April 04, 2014

Film Friday: "The Grand Budapest Hotel" review

One of my highly anticipated films of 2014, Wes Anderson's latest film, The Grand Budapest Hotel, did not disappoint.  I wasn't quite sure what I was getting into, but before going I did best to keep my expectations undefined.  We had discussed it briefly in my film class and my professor described it as "candy".  I would agree.  Not only was the film's color palette was delectable -- and I am sure that was intentional, given the focus on the treats at Mendl's -- but the symmetrical shots were ultimately pleasing to the eye, like most other Wes Anderson films.  (Don't believe me?  Watch this video.)

The friends I went with noted a darker and more gruesome tone overall, yet without a "dark" or morose character.  Adrien Brody's character may be the closest to that trope.  Generally speaking, though, the actors were phenomenal.  Most critics have acknowledged Ralph Fiennes standout performance as Gustave H., but I really thought Tony Revolori as Zero the lobby boy was the real star.  Each men had great expressions and the scenes with them together were superb.  To me, Saoirse Ronan's character Agatha didn't seem fully fleshed out, and I think I would've wanted other strong female characters represented.

Bottom line, if you like Wes Anderson and his quirky filmmaking style as I do, you will not regret spending the money to go see it as soon as possible.  Here, I will definitely say that watching it in the theater on the big screen was a delightful experience and I highly recommend it.

4/5 stars

March 30, 2014

Happiness.

I've neglected to follow up on a number of things, including The Dalai Lama's visit to my college campus.  His talk was actually kind of…underwhelming?  Not to discredit His Holiness, but I found there was little he said that I hadn't already taken to heart.  I think it's because I've already embraced 'happiness' in the simplest terms as he discussed.  And don't get me wrong, I definitely teared up.  As I wrote in my journal, it was important for me to experience it.  That meant I kept my phone in my pocket and my mouth shut though.  If you're interested in a more detailed account, a senior at my college blogged about the experience, too.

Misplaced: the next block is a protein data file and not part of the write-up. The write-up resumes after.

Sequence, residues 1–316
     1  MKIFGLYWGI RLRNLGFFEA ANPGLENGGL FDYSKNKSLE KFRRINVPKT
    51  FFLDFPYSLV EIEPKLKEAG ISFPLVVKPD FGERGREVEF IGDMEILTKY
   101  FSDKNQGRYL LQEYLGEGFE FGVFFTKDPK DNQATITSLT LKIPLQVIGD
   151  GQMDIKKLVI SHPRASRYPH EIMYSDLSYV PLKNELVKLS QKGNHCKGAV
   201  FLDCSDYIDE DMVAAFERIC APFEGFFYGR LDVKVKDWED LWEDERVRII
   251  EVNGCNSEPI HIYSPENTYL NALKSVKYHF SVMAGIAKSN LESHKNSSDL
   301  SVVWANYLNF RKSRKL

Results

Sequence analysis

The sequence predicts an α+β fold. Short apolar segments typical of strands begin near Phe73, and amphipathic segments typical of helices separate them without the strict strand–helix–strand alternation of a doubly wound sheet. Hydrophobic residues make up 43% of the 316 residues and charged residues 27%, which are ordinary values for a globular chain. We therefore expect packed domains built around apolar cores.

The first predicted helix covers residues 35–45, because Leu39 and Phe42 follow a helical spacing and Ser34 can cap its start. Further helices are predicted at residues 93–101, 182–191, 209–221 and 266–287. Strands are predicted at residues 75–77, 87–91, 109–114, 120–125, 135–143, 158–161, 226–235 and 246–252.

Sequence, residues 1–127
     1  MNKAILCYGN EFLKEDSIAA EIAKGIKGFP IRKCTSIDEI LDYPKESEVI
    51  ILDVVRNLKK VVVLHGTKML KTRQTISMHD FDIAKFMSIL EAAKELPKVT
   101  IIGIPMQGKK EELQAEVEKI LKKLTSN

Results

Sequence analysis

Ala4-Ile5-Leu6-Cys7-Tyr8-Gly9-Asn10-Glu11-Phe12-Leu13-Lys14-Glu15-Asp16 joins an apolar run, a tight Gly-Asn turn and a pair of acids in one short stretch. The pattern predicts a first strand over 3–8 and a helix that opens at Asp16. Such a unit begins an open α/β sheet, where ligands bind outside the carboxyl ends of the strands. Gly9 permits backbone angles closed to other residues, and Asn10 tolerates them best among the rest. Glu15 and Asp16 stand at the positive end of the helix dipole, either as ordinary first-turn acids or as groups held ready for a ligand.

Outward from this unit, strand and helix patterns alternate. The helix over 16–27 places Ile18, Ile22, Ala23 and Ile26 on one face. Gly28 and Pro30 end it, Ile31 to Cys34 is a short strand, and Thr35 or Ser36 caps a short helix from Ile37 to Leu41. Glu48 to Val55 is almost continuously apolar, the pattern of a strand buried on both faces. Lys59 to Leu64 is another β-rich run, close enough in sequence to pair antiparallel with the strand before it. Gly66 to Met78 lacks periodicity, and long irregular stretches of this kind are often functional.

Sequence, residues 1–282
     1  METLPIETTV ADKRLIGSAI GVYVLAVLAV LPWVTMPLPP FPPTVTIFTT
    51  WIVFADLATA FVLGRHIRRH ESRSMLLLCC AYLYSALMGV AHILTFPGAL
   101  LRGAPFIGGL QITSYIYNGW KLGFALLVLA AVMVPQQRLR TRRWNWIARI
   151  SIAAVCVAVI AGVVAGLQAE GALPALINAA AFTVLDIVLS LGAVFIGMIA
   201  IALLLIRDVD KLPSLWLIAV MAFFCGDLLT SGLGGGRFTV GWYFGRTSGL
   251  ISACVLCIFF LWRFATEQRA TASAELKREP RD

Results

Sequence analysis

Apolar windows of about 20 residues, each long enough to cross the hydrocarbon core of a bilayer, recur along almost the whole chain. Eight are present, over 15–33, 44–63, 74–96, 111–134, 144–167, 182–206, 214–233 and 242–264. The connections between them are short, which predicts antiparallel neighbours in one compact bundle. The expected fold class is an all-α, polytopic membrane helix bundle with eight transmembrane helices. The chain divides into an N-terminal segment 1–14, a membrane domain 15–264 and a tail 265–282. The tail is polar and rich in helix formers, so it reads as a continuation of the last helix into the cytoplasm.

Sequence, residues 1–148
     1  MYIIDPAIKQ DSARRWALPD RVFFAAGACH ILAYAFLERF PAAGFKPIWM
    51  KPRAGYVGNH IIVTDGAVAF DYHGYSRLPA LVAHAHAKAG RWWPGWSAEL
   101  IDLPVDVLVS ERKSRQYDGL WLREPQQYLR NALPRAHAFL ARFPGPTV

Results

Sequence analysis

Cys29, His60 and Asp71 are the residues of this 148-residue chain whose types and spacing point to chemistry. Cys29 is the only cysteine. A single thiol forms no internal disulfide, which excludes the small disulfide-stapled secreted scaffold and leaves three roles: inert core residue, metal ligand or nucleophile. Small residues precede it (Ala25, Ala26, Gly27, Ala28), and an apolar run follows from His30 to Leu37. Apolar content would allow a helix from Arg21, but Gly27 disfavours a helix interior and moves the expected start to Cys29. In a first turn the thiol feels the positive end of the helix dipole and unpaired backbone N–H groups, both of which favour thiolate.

This semester marks one of my best academically.  My midterm grades impressed me and I am proud to be where I am.  So proud, that I desperately want to continue that trend.  Unfortunately, there is so much to do and so little time to do it.  I am already beginning to work on my final projects…ahh.

As you may have seen in my spring break video, last Saturday Andy and I finally went to the Walker Sculpture Garden.  We had been meaning to go since last summer when he still had a (functioning) car in the Cities.  It worked out that we were both free, though, so we braved the cold and made our way over there, relying on buses the best we could and walking the rest.

After taking the typical photos with the Spoonbridge and Cherry sculpture and generally wandering about, Andy suggested we go to a place called Uncommon Grounds for "the best chai."  The chai was very good indeed.  My only regret was not getting a larger glass.

Spring break felt other worldly.  Everything about it made me really happy, though.  Since spring break, there have been assignments due non-stop and busy work to finish every day.  Not to mention other events out the wahoo.  Seriously, there were so many events this past Friday alone that I ended up not going to any…